We have expressed, on many occasions, the importance of having doctors on binding written contracts to ensure the continuity of their services to your practice and to protect your goodwill.
Contractor or employee?
Don’t forget, how hard it was and how much it cost to recruit them! The doctor patient relationship cultivated by contracted doctors with patients of your practice must be maintained and patient numbers protected. The value of your practice is directly related to the income of your practice which is of course directly related to goodwill. ‘Goodwill’ may be defined as the propensity of a patient to return to the practice for further treatment and is a directly relevant to determining the market value of your practice for the purposes of obtaining finance and of course, is directly related to Practice Incentive Payments available to your practice.
Maintaining a commercially practical relationship with medical practitioners in your practice is essential. A well-drawn contract may be used to ensure that the relationship of the medical practitioner to your practice is clearly defined as a contractor and principal as opposed to a PAYG employee.
In previous blogs we have discussed the importance of not only entering into a contract with the medical practitioner which not only contains a clear statement by the parties acknowledging that the medical practitioner is a contract and not an employee but also ensures that the doctor contracts with the medical practice as a trustee of a trust or a director of a company or a combination of both.
The capacity in which the medical practitioner contracts with your medical practice is, of course, a matter for the medical practitioner to determine on advice from their financial advisors. However, the importance for the medical practice is that where the medical practitioner contracts as the trustee of a trust or a director of a company or a combination of those things it is clearly established that the medical practitioner cannot later assert they were an employee of your medical practice.
An unsuccessful defence of an audit conducted by the ATO instigated by a disgruntled medical practitioner could be financially disastrous for the medical practice. And ATO audit may result in your medical practice being characterised as the PAYG employer of a medical practitioner and result in a direction by the ATO to the medical practice to account for alleged arrears of superannuation and unpaid PAYG withholdings tax. As you can appreciate, a medical practitioner receiving a substantial income who makes such a claim, if successful, could cause an extraordinary financial impost on your medical practice.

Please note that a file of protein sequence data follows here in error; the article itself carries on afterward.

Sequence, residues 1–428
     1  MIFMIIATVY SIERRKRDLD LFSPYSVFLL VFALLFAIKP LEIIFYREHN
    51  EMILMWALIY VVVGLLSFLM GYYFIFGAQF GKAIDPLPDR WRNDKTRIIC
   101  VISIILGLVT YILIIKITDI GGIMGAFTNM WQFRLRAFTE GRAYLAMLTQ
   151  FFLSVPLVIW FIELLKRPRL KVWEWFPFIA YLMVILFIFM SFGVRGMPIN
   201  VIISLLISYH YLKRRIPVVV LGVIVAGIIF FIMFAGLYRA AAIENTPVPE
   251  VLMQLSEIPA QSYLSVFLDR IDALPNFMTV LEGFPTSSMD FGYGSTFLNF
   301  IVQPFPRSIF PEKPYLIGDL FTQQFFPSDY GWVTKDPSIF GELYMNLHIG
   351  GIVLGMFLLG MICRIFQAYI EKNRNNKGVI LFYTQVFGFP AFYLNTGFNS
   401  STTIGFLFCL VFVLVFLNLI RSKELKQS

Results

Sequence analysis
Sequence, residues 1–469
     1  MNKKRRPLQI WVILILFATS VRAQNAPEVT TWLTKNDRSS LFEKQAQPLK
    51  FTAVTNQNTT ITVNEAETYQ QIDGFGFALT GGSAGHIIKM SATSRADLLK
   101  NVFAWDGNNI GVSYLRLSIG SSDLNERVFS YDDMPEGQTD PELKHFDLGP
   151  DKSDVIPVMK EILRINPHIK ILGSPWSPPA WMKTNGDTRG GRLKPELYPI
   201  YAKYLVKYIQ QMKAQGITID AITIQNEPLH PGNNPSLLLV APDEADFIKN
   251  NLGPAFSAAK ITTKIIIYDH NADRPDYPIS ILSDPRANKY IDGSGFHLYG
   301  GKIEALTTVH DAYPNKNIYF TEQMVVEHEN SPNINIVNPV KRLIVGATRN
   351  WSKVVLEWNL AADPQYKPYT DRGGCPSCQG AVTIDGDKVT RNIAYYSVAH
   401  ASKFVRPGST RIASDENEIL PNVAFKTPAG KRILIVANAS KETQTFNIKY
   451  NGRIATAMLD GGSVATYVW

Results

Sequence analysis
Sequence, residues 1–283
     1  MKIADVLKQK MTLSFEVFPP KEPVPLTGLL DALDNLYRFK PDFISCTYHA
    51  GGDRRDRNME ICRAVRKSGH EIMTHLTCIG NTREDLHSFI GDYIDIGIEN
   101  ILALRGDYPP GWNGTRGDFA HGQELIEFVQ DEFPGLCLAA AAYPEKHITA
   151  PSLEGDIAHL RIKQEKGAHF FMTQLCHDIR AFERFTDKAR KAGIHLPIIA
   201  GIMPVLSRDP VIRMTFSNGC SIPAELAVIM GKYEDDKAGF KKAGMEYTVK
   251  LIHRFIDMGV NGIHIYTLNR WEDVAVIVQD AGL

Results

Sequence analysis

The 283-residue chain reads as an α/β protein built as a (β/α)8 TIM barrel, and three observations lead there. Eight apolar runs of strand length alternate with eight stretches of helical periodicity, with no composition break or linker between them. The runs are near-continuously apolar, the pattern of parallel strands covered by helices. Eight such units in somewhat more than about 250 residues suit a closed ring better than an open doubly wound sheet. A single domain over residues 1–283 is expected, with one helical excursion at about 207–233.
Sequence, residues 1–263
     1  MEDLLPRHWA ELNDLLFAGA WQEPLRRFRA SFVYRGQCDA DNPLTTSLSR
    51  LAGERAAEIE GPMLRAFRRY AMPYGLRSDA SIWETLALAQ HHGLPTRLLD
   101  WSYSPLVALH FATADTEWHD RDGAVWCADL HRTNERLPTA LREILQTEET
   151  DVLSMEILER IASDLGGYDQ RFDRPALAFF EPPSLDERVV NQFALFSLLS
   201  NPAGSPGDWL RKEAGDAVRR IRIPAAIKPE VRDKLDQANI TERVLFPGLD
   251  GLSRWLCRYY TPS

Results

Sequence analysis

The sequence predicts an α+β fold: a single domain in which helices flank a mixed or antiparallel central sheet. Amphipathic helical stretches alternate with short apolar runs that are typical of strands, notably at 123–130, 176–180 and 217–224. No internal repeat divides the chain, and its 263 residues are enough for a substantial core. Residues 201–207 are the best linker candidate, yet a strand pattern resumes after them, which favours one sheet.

Unfair contract terms are coming!
Now that you have convinced the medical practitioner to sign a contract what must you look out for?
From 12 November 2016, amendments to the Australian Consumer Law (formerly the Trade Practices Act) by the addition of the small business and unfair contract terms amendments that will enable a medical practitioner to argue that they are aggrieved whereby they were required by you to sign a contract which was presented to them on a ‘take-it or leave-it’ basis. That is, the medical practitioner will allege that they had little or no opportunity to negotiate the terms and conditions of the contract, that the terms of the contract are unfair and that the medical practitioner should be relieved from one or more of the provisions contained in that agreement. What is ‘unfair’ is not defined in the Act but determined by the Court on a case by case basis.
It is essential therefore that any contract entered into with a medical practitioner or any entity e.g. a trust or company incorporated by the doctor for the purposes of the contract that supplies services to your medical practice is appropriately drawn so as to avoid any adverse impact of the small business unfair contract terms amendments to the Australian Consumer Law.
Whilst the amendments will not apply retrospectively to contracts entered into before the commencement date they will apply to contracts which are renewed on or after the commencement date or if the contract is varied in some manner on or after the commencement.
If you operate a medical practice and you wish to enter into a contract with a medical practitioner or an allied health services provider, contact Mr Michael Beirne by telephoning (07) 54 79 1500 to determine whether the new laws apply to your practice and how the changes can be used to your advantage.